The inside of accreditation

Had we known the volume of work required to achieve accreditation for the ACC, we would’ve definitely thought twice about it… and still gone ahead with a less naïve attitude!

 

Gaining accreditation demands a lion’s share of our resources (and your ongoing contributions); but represents the most important standard of higher education.

 

For that, we welcome the challenge.

 

Today we’re sharing a behind-the-scenes look at what it takes – and why the ACC is set to become the most accredited chiropractic program in Australia.

 

What is Accreditation?

 

The process of accreditation is the way in which a program is assessed for things like academic quality, student welfare, financial sustainability, and governance. It’s a complex, time consuming, and costly process, with the lion’s share of ACC’s resources funnelled into achieving it.

 

It is also a very necessary process if an institution wants to ensure it is meeting the basic standards higher education. Because of this, the ACC welcomes the challenge accreditation provides.

 

Australian Accreditation Requirements

 

In Australia, there are two levels of accreditation: professional and government accreditation.

 

The professional accreditation body of Australia is the Chiropractic Board of Australia (CBA). (If you think you’ve heard that name before, you’d be right. All Australian chiropractors must register with this body.) It’s also the body who issue complaint notifications, write practice guidelines, and administer the Act to chiropractors.

 

The CBA has a legislative requirement to advocate for, and protect, the public. It’s for this reason that the CBA has the final say in the approval (from a professional standpoint) of any chiropractic course.

 

However, because of the huge scale of the accreditation process, the CBA have delegated this process to the Council of Chiropractic Education Australasia (CCEA).

 

The Implications of CCEA Accreditation and Cycles

 

CCEA accredits all programs in the Australasian region, and, while in a strict sense the ACC could use another accrediting agency (not that there is one!), it would be silly to ignore the skills, quality of personnel, and processes that CCEA provide.

 

CCEA have accredited all the Australian chiropractic programs, as well as NZCC and programs in Asia. Accreditation with CCEA comes with a list of areas for the program to improve as well as a time frame in which to make the improvements and when the program’s next accreditation cycle is due.

 

You can take this loosely to mean that a program on a yearly cycle has much to improve, and CCEA feels that it requires close monitoring.

 

On the other hand, a program on a five-year cycle is considered a very high quality program.

The highest accredited program in our region is NZCC which was awarded a five-year cycle in 2016 – the greatest possible cycle. Thus CCEA has a high degree of confidence that the program will maintain this standard for the duration.

 

It’s worth mentioning that NZCC has gifted its course in entirety to the ACC. This means that the ACC will build on a foundation that already has the highest level of professional accreditation in the region.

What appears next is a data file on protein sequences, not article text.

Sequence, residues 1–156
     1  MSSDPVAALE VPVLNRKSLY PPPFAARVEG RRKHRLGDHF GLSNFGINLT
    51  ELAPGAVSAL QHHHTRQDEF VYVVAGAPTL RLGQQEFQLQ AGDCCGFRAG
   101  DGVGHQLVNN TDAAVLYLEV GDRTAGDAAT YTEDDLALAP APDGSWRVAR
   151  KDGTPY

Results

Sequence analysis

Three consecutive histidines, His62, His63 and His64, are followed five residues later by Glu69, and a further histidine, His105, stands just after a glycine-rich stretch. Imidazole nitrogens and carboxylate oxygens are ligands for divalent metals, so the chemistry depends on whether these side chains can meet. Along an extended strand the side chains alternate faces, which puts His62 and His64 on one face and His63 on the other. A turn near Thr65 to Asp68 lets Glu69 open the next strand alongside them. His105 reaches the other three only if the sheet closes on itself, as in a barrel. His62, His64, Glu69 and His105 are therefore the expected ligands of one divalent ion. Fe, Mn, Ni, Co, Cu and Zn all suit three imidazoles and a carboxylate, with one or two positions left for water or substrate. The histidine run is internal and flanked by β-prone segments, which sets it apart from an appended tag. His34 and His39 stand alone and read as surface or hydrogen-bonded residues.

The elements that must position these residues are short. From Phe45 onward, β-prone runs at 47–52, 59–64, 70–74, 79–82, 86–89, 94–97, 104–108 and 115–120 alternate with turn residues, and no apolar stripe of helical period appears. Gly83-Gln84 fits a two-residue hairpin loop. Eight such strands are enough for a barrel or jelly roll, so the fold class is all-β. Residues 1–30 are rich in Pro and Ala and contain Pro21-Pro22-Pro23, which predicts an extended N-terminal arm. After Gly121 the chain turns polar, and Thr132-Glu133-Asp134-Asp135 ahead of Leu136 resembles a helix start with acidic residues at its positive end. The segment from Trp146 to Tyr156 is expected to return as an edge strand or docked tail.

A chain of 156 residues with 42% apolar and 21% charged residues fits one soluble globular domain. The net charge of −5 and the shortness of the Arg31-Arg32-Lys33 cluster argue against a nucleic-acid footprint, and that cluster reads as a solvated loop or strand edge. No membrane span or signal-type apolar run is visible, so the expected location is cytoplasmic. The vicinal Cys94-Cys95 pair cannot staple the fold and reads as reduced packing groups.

However, accreditation does not come complimentary with the program.

 

ACC still needs to achieve professional accreditation through CCEA in its own right – a process we’re undergoing as you read this.

 

How the Staged Accreditation will Play Out

 

The process of ACC to become accredited with CCEA/CBA is staged. This means that as the ACC teaches its first group of students, CCEA will monitor and assess its progress giving accreditation year by year until the first cohort graduates. It is at this point that ACC can become fully accredited.

 

As important as professional accreditation is, there’s a more important body to satisfy first – the Tertiary Education Standards and Quality Agency, TEQSA.

 

(I say it’s more important than professional accreditation because without approval from TEQSA, ACC cannot teach. In reality, both CCEA and TEQSA are vital, however, to achieve CCEA approval without TEQSA approval would not allow the ACC to take on students – the fundamental ingredient of a functioning college!)

 

One way to think about the structure of accreditation for the ACC is to think of process of registration to practice chiropractic in Australia. It is CBA who regulates chiropractors specifically, but it is AHPRA who registers all health professionals. In this example, AHPRA is TEQSA.

 

And then there was TEQSA

 

All higher education providers in Australia must be registered and accredited with TEQSA, including all Australian Universities.

 

To my knowledge, no Australian chiropractic program has ever been assessed and accredited by TEQSA on its own.

 

The four universities currently delivering chiropractic courses have ‘self accrediting’ status, granted when TEQSA was established in 2011. This renders them exempt from needing to have each of their courses accredited by TEQSA.

 

The ACC does not have this luxury. ACC will need to be accredited on two levels with TEQSA.

 

Once to be registered as a Higher Education Provider, and once to have its chiropractic course accredited.

 

Once achieved, ACC will be the most accredited chiropractic program in Australia, having both TEQSA and CCEA/CBA approval.

 

The Bigger Picture

 

This is an exciting time for chiropractic in Australia.

 

As ACC moves closer to establishment, I’ve noticed a gelling of the profession around the values and principles that ACC stands for. I am looking forward to bringing more news to you about the accreditation process and how ACC is progressing.

 

Until then,

 

Yours in Chiropractic

 

Dr Patrick Sim, Chiropractor

BSc MChir

CEO

Australian Chiropractic College